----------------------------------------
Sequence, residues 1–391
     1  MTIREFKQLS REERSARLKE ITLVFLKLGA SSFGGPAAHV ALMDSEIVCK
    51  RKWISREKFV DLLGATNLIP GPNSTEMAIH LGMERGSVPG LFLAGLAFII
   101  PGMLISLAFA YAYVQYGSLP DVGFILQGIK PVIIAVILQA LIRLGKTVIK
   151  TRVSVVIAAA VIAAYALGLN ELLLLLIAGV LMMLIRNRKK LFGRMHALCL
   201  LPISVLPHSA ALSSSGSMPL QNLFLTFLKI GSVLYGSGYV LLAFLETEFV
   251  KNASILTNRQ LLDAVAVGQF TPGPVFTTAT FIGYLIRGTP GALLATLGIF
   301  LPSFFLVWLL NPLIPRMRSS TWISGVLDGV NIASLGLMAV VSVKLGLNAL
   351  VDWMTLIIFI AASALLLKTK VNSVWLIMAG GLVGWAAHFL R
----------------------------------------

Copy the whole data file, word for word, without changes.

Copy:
Sequence, residues 1–391
     1  MTIREFKQLS REERSARLKE ITLVFLKLGA SSFGGPAAHV ALMDSEIVCK
    51  RKWISREKFV DLLGATNLIP GPNSTEMAIH LGMERGSVPG LFLAGLAFII
   101  PGMLISLAFA YAYVQYGSLP DVGFILQGIK PVIIAVILQA LIRLGKTVIK
   151  TRVSVVIAAA VIAAYALGLN ELLLLLIAGV LMMLIRNRKK LFGRMHALCL
   201  LPISVLPHSA ALSSSGSMPL QNLFLTFLKI GSVLYGSGYV LLAFLETEFV
   251  KNASILTNRQ LLDAVAVGQF TPGPVFTTAT FIGYLIRGTP GALLATLGIF
   301  LPSFFLVWLL NPLIPRMRSS TWISGVLDGV NIASLGLMAV VSVKLGLNAL
   351  VDWMTLIIFI AASALLLKTK VNSVWLIMAG GLVGWAAHFL R